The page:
“We are excited to be advancing a treatment that has the potential to slow the rate of motor and functional decline in Huntington’s disease patients,” said Julie Anne Smith, Raptor’s President and CEO. “Such a therapy holds promise to be transformational for patients and is perfectly aligned with our strategic focus to develop and commercialize therapies that bring significant relief to patients and families living with life-threatening diseases. We look forward to discussing the 36-month data with the regulatory authorities and to advancing RP103 in a confirmatory study.”

“These promising data along with substantial pre-clinical data support the treatment potential of RP103 in individuals with Huntington disease,” said Christopher Ross, M.D., Ph.D., Professor of Psychiatry, Neurology, Pharmacology and Neuroscience; Director of Division of Neurology; Director of the Baltimore Huntington’s Disease Center, Johns Hopkins University School of Medicine and Co-chair Scientific Affairs Committee of the Huntington Study Group (HSG). “The HSG is excited to partner with Raptor on the future development of RP103 in Huntington disease.”

The safety profile observed for RP103 was generally consistent with what has been previously reported. The most common adverse events included nausea, vomiting, diarrhea, headache and breath odor. Three deaths due to suicide occurred during the open-label period, including two deaths that occurred in subjects in the placebo/RP103 group and one death in the RP103/RP103 group. Deaths due to suicide were generally consistent with background rates, with over 25% of patients with Huntington’s disease attempting suicide at least once and accounting for 5% to 7% of deaths, per published estimates. Suicides have not been observed in any other RP103 clinical trials or in any patients on clinical or commercial drugs.

Regulatory Update

Raptor initiated regulatory discussions with the FDA and the EMA starting in 2014 and most recently received feedback from the EMA through a Scientific Advice procedure. The outcome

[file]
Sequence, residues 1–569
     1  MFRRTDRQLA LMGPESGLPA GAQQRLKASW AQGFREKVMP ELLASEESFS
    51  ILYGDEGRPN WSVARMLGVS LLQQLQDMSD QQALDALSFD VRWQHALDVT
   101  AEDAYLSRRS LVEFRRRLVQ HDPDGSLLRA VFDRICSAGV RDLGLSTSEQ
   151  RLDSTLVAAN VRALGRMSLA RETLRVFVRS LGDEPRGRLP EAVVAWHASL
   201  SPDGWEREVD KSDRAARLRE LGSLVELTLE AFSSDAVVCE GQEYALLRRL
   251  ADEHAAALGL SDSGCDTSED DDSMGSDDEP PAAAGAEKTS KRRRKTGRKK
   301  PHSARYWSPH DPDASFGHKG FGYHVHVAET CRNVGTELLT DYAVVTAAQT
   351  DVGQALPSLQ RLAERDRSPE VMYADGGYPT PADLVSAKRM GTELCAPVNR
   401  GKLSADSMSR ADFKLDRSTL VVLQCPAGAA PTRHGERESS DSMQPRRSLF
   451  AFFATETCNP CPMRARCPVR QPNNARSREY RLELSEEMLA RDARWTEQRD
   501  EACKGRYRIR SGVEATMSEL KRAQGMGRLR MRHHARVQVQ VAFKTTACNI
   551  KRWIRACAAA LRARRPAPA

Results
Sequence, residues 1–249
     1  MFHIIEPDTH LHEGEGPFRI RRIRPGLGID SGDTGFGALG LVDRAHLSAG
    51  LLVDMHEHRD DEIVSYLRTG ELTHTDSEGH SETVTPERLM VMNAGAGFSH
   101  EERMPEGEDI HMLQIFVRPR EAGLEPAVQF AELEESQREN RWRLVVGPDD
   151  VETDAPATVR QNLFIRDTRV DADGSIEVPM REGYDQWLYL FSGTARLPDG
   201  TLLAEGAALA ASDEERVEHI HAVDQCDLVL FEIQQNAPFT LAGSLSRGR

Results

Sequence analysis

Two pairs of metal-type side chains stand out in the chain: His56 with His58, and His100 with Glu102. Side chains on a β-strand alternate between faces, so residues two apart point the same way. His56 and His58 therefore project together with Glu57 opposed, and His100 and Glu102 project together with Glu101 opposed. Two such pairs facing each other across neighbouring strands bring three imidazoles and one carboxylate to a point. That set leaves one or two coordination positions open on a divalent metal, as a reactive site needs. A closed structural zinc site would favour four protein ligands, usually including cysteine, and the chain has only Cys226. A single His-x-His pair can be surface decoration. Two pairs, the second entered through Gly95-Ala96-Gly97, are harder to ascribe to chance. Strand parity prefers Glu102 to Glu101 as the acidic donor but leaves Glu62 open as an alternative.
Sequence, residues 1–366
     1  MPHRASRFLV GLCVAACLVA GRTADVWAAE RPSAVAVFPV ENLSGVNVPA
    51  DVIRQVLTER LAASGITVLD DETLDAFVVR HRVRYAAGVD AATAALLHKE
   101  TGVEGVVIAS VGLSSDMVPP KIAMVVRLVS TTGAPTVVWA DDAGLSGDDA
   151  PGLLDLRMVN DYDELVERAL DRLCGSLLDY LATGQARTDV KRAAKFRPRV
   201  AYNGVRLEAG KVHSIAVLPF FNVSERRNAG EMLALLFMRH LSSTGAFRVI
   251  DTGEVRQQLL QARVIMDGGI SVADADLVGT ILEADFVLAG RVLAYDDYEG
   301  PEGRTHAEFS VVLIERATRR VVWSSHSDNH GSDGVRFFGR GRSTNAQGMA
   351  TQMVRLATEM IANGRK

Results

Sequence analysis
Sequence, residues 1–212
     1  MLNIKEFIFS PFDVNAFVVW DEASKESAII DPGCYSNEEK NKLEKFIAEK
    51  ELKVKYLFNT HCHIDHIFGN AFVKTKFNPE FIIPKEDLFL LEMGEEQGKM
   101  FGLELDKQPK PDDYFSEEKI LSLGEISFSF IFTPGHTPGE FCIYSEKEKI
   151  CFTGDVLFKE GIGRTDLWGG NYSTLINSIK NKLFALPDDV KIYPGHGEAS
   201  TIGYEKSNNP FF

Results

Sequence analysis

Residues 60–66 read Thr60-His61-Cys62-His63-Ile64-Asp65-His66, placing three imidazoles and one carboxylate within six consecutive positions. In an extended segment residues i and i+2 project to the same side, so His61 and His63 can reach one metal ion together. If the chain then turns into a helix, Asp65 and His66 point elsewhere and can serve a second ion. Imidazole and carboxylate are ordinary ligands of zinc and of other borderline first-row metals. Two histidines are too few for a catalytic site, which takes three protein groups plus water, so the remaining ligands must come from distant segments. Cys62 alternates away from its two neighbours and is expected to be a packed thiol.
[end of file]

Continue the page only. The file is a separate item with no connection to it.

of these interactions indicated that an additional study would be required. Raptor has already engaged with the EMA on the confirmatory study design through a Protocol Assistance procedure and the EMA was in agreement with key aspects of the confirmatory study design. Raptor intends to update both regulatory agencies with the 36-month data and to discuss a trial design that would support marketing authorization.

Conference Call and Webcast Information

Further comments regarding this trial will be discussed during a conference call and live audio webcast at 8:00 a.m. EST (5:00 a.m. PST) today. The live call may be accessed by dialing (877) 710-6201 for domestic callers or (616) 548-5611 for international callers and using the conference ID number 4539421. A live webcast of the conference call will be available online from the investor relations section of the company website at After the call, a webcast replay will be available on the Raptor website for 90 days. A telephone replay of the call will be available by dialing (855) 859-2056 for domestic callers, or (404) 537-3406 for international callers, and using the conference ID number 4539421.


The CYST-HD study enrolled 96 patients who were randomized in a double blind, 1:1 ratio to RP103 or placebo for an initial 18-month treatment period followed by an 18-month open-label treatment with RP103. 89 patients completed the first 18-month phase. The study enrolled Stage 1 patients showing early disease symptoms with a Unified Huntington Disease Rating Scale (UHDRS), Total Motor Score (TMS) ≥ 5, Total Functional Capacity (TFC) > 10 and a CAG repeat > 38. The trial was conducted at eight clinical sites throughout France under a collaboration agreement between Raptor and CHU d’Angers. Clinical expenses of the study were covered by a grant from the French government (PHRC 2004-03bis CYST-HD).